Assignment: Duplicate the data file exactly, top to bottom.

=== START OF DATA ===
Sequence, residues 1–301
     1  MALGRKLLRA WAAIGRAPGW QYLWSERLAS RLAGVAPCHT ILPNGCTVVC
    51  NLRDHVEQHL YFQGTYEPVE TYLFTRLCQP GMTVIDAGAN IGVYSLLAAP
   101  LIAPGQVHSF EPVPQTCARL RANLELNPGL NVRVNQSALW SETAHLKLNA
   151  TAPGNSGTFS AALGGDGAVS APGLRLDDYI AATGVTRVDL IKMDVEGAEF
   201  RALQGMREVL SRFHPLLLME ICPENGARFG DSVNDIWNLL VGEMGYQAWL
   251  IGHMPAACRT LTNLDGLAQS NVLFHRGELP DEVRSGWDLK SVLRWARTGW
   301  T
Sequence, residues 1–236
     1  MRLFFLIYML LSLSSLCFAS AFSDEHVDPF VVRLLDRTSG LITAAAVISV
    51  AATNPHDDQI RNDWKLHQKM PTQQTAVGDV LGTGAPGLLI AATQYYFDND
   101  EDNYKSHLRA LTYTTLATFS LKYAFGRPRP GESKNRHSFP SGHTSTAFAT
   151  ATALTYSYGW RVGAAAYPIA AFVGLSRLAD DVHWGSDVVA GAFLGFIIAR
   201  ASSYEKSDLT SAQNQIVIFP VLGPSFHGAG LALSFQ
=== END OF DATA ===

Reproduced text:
Sequence, residues 1–301
     1  MALGRKLLRA WAAIGRAPGW QYLWSERLAS RLAGVAPCHT ILPNGCTVVC
    51  NLRDHVEQHL YFQGTYEPVE TYLFTRLCQP GMTVIDAGAN IGVYSLLAAP
   101  LIAPGQVHSF EPVPQTCARL RANLELNPGL NVRVNQSALW SETAHLKLNA
   151  TAPGNSGTFS AALGGDGAVS APGLRLDDYI AATGVTRVDL IKMDVEGAEF
   201  RALQGMREVL SRFHPLLLME ICPENGARFG DSVNDIWNLL VGEMGYQAWL
   251  IGHMPAACRT LTNLDGLAQS NVLFHRGELP DEVRSGWDLK SVLRWARTGW
   301  T
Sequence, residues 1–236
     1  MRLFFLIYML LSLSSLCFAS AFSDEHVDPF VVRLLDRTSG LITAAAVISV
    51  AATNPHDDQI RNDWKLHQKM PTQQTAVGDV LGTGAPGLLI AATQYYFDND
   101  EDNYKSHLRA LTYTTLATFS LKYAFGRPRP GESKNRHSFP SGHTSTAFAT
   151  ATALTYSYGW RVGAAAYPIA AFVGLSRLAD DVHWGSDVVA GAFLGFIIAR
   201  ASSYEKSDLT SAQNQIVIFP VLGPSFHGAG LALSFQ